Melancholia: Director Von Trier in Top Form; Kirsten Dunst Mesmerizing

Denmark’s reliably enfant terrible, Lars Von Trier, who was kicked out of Cannes due to his anti-Semitic remarks in a press conference, has followed up his controversial film “Antichrist,” with a more restrained, existential, and meditative work, which is also more accessible, not least due to its Anglo-American cast, headed by Kirsten Dunst.

At its world premiere in the Cannes Film Fest, there was consensus that the film is striking and powerful in its production values, but critics disagreed over the strength of the narrative as a whole, with some finding it lacking in the emotional department.

For a director who’s often charged of being a misogynist and torturing his actresses on his sets, Von Trier has created over the past two decades an amazingly impressive gallery of complex and complicated female characters, played by the likes of Emily Watson, Bjor, Nicole Kidman, Charlotte Gainsbourg, among others.

And now comes “Melancholia,” which boasts the finest, most mature performance to date from Kirsten Dunst, still a vastly underestimated actress.

This time around, there are two women, and they are sisters, Justine, played by Dunst, and Claire, played by Charlotte Gainsbourg, who starred in “Antichrist.” Interestingly, Gainsbourg won the Best Actress for that film at Cannes Fest last year, and Dunst is the winner of this year’s Best Actress at Cannes!

Their very names, not to mention their personalities, philosophies and ways of life suggest contrasting reactions to the imminent end of the world, which define the film’s narrative structure, divided into two chapters.

In the first, stunning, slow-motion opening, set to Wagner’s stunning music, “Tristan and Isolde,” the camera observes a moon and another planet, casting shadows on a formal garden. Justine is then seen floating in water and weeds, while a larger planet moves closer to Earth, and the swallows it up. Apocalypse now: The end of the world as we know it.

The narrative centers on one rich family at an isolated country house, set in a non-specific locale, which lends the feature a more universal quality—the story could happen anywhere and everywhere in the world.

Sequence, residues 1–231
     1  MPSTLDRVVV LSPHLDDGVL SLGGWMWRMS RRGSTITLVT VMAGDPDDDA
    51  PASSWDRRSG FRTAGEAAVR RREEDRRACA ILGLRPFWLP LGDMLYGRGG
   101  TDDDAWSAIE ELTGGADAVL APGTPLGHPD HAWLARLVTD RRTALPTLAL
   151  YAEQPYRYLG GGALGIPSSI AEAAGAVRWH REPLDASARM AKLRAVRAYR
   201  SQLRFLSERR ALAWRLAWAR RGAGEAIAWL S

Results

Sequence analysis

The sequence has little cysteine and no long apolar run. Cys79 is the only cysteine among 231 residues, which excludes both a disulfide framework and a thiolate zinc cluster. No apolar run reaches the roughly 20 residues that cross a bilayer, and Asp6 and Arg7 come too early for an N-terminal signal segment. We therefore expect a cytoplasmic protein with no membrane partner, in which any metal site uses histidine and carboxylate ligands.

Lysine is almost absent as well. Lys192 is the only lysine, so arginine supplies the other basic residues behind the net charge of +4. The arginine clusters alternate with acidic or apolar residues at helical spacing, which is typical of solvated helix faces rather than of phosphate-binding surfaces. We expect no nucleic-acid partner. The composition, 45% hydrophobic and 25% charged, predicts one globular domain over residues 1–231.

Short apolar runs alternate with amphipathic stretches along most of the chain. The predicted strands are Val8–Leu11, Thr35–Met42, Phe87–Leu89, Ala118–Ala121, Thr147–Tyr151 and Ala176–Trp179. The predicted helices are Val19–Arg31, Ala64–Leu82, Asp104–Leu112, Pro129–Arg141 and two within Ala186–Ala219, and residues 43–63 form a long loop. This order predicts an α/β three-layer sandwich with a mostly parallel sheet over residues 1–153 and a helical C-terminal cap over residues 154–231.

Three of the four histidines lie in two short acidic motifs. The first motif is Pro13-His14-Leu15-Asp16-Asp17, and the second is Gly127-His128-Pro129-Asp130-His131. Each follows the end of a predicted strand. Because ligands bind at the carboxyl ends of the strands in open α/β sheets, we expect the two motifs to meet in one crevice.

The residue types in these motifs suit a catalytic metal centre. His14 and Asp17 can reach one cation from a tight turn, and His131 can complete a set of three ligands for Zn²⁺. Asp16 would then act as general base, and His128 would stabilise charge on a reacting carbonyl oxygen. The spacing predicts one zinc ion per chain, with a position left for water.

The first chapter, “Justine,” depicts the eponymous heroine, an advertising copywriter, about to get married to a handsome, sweet-natured guy (Alexander Skarsgaard (of TV fame). The wedding takes place in the remote and lush estate of her older sister Claire and her brother-in-law John (Kiefer Sutherland, surprisingly good). Justine’s family, especially her quibbling parents, mother (Charlotte Rampling) and father (John Hurt), are eccentric, to say the least. Neither daughter resembles their mother in personality and outlook.

In the second chapter, “Claire,” set after the wedding, which we learn ended poorly, the focus is more intimate, revolving around Justine, Claire, John, and their child.

Some of the film’s scenes are shot in a handheld, intimate, documentary-style, with jump cuts, all familiar from former Von Trier’s movies. But other acts are gloriously stylized with excessive yet memorable aesthetic touches.

Dramatically uneven, at times, “Melancholia” comes perilously close to being a shallow serio-comic melodrama about the end of the world. At others, it evokes the spiritual and lyrical sensibility of the great Russian director Andrei Tarkovsky (specifically his last, stunning 1986 feature, “The Sacrifice”), to whom “Melancholia” is dedicated.

Weeks after the screening, what lingered in my mind is the opening montage, which much like the beginning of Terrence Malick’s “The Tree of Life” (also playing at Cannes this year, winning the top award, Palme D’Or), consists of striking cosmic images, slow-motion of birds falling from the sky as Kirsten Dunst, wearing a bridal gown, looks straight at us (the camera?), while a horse in the background tumbles, and a small planet drifts towards Earth before crashing into it.

It’s too bad that Von Trier has such a bad off-screen reputation for in “Melancholia” he has created one of his most striking works.

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